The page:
ESSAY THREE – Child’s Play
If I were to ask you if you would like to have more fun in your life and to achieve a great deal of spiritual satisfaction, chances are you would say, “Sounds great! Bring it on.” In this essay, that is the offer – read further.
“Every child is an artist. The problem is, how to remain an artist, once he grows up.” Pablo Picasso
OK, if my initial offer sounds enticing, your first assignment is to go out and find a bunch of kids playing. Not kids directly under the supervision of adults in adult spaces doing adult things, such as at a shopping center, church or visiting Grandma, but kids playing on their own. Look for them in the backyard, on the neighbor’s porch, in the park’s playground or at recess at school. You are not required to join them, you certainly are not required to give them suggestion, and probably your main task is to be unobtrusive – you don’t want them to start behaving “properly” because an adult is around.
You are going to discover that children play very differently than do adults. A child doesn’t play passively but intensely - play is not a relaxing pass time, but a focused, kinetic activity that takes a great deal of energy and emotion. A child plays hard and does so with object, noise, movement and a great deal of tactile sensation, and quite surprising to most adults, they do it without a rulebook. Oh, certainly there may well be some generally accepted procedures, but it is not the kind of formalized and structured activity that adults call play.
When we adults play, our first step is to name the game we are planning on playing. Then, be it Bridge, Scrabble, Golf or softball, we make sure everyone knows the necessary procedures and rules to insure the game will be done correctly and efficiently. Kids, on the other hand, invent it as they go. If what they are doing is enjoyable, exciting, and stimulating, they continue, and if not, they change it all on the fly. For children, fun is the wonderful by-product of playing, while for adults, we yearn for fun, and hope that playing will provide it. If we state that the primary criterion for successful fun and games is laughter, exultation, joy and satisfaction, would you imagine that the adults or the kids would be more successful in achieving the desired goal?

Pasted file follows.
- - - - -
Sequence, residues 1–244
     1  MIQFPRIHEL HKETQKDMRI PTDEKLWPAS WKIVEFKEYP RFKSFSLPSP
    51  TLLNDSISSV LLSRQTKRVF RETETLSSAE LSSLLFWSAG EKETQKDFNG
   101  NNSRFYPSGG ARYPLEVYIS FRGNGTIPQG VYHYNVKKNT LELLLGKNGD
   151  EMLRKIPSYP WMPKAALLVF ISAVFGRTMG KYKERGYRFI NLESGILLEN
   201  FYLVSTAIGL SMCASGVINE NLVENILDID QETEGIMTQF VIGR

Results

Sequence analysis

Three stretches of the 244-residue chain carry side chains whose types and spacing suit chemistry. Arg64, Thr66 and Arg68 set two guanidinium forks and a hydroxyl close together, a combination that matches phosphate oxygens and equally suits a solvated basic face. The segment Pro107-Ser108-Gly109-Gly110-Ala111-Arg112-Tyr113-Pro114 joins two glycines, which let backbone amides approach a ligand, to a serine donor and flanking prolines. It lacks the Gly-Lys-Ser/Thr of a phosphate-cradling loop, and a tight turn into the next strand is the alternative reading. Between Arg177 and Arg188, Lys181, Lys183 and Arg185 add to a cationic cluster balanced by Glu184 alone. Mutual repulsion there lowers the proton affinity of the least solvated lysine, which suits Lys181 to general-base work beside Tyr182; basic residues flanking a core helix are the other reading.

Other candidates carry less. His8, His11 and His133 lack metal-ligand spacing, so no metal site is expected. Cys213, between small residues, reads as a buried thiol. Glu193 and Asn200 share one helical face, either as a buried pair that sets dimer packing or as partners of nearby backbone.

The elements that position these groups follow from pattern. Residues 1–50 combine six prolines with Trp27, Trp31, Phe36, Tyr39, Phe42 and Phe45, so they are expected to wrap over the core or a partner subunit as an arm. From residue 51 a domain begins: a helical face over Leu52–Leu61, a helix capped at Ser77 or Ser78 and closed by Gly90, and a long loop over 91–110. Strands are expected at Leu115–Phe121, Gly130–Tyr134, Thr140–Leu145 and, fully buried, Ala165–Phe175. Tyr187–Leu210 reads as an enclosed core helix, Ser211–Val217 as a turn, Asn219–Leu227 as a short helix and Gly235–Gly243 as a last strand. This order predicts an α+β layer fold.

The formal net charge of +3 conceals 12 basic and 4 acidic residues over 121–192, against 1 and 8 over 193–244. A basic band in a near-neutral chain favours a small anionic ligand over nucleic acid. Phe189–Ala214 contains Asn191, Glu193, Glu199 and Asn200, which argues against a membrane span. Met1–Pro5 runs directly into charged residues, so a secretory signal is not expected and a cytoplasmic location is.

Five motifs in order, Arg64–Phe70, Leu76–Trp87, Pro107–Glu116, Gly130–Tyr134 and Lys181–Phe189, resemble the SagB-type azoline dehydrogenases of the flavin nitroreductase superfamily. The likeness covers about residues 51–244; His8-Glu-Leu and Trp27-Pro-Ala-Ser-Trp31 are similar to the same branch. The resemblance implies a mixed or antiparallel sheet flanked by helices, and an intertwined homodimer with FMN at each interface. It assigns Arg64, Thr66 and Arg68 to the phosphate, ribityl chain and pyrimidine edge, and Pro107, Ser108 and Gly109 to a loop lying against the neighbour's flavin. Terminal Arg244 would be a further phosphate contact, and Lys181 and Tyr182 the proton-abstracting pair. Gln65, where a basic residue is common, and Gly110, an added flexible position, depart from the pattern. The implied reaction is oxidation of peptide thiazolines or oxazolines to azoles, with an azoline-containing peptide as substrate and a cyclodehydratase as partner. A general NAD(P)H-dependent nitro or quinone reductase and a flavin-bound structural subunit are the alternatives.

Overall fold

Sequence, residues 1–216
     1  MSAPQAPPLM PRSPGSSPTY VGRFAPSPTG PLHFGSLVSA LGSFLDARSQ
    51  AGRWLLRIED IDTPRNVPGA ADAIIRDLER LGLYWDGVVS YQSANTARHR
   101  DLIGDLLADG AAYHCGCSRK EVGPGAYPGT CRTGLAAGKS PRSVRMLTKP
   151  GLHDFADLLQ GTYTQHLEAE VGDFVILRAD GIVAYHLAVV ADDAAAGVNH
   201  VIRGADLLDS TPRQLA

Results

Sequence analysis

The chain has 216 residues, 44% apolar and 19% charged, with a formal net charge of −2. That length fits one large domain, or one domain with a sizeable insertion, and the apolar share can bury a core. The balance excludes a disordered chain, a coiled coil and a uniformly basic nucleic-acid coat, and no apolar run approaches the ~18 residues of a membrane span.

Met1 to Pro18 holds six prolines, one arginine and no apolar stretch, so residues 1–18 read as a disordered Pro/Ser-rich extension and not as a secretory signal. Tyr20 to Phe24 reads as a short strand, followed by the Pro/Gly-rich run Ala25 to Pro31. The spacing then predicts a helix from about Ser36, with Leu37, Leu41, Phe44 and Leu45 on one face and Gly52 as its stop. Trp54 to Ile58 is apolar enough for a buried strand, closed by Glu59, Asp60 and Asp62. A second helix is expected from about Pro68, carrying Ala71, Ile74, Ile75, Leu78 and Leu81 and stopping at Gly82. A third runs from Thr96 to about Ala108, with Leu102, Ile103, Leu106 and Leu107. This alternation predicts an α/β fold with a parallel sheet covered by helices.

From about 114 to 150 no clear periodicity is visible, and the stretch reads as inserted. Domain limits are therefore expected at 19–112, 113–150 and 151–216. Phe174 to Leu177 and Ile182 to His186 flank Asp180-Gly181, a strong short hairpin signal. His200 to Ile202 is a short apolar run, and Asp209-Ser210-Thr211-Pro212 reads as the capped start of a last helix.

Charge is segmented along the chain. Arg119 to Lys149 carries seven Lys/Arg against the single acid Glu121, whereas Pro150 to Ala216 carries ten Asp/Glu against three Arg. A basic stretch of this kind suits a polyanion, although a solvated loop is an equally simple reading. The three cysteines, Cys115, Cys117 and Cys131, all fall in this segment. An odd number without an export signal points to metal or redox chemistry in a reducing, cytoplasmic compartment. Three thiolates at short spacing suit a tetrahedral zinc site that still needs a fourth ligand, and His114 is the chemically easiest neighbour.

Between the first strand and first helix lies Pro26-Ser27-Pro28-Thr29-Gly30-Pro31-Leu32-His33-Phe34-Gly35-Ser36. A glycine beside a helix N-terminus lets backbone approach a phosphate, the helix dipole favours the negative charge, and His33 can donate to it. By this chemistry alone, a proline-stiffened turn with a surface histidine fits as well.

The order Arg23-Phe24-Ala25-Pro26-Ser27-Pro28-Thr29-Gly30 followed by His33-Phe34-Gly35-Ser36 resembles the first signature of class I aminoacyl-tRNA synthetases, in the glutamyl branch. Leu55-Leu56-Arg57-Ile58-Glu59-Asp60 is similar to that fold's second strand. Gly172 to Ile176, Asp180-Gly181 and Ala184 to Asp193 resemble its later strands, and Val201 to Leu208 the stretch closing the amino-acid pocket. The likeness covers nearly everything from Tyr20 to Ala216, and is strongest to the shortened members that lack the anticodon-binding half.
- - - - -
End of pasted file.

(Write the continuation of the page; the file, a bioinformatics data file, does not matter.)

The point I am making here is that being an artist is a whole lot closer to a child having fun on the playground than it is to an adult playing Scrabble.
If you want to see the creative process in action, give those kids the freedom to create with paint, clay, dance, or musical instruments. Not as a structured activity with specific procedures to follow and a product to produce, but rather let them know that the goal is joy. They will pour themselves into the process and delight in the freedom to express what ever pops into their consciousness. Their skills, techniques, and knowledge may need further development, but their creativity is fully formed. To a child, there is probably little difference between creating art and having fun. If there be a lesson here for all of us, it is that a child at play is an artist at work.
Creating art rarely should be an intellectual process – it often loses much of its strength and energy when it is wrapped in planning, design studies, market analysis and a roadmap. The same can be said for play.
It seems strange then, that we started our life as artists (remember, we were children once) and now, in our adult years, we spend so much time and energy wondering how to make it happen again. We buy books, we go to galleries and museums and we attend classes, hoping all of that will help. Granted, the learning process will teach us some vocabulary, and give us skills and knowledge, but it never supplies that wonderful, unselfconscious intensity of the child at play. We assume that lessons will show us what we need to know and learn but the reality is that most of us have much that we need to unlearn. We need to free ourselves from the strictures of propriety, procedures and proscribed methodology and to relearn the joy of spontaneous exploration.
I am not implying that we shouldn’t be adults – as adults we have many strengths and awareness’s that will stand us in good stead as we progress towards artistic creativity. Indeed, while those objects children create spontaneously we often find delightful, exciting and rewarding they are not, in truth, producing art. There is more to this than play, but that is an excellent starting point.
We will certainly take this much further, and as always, I welcome your input, through comments or by e-mail firstname.lastname@example.org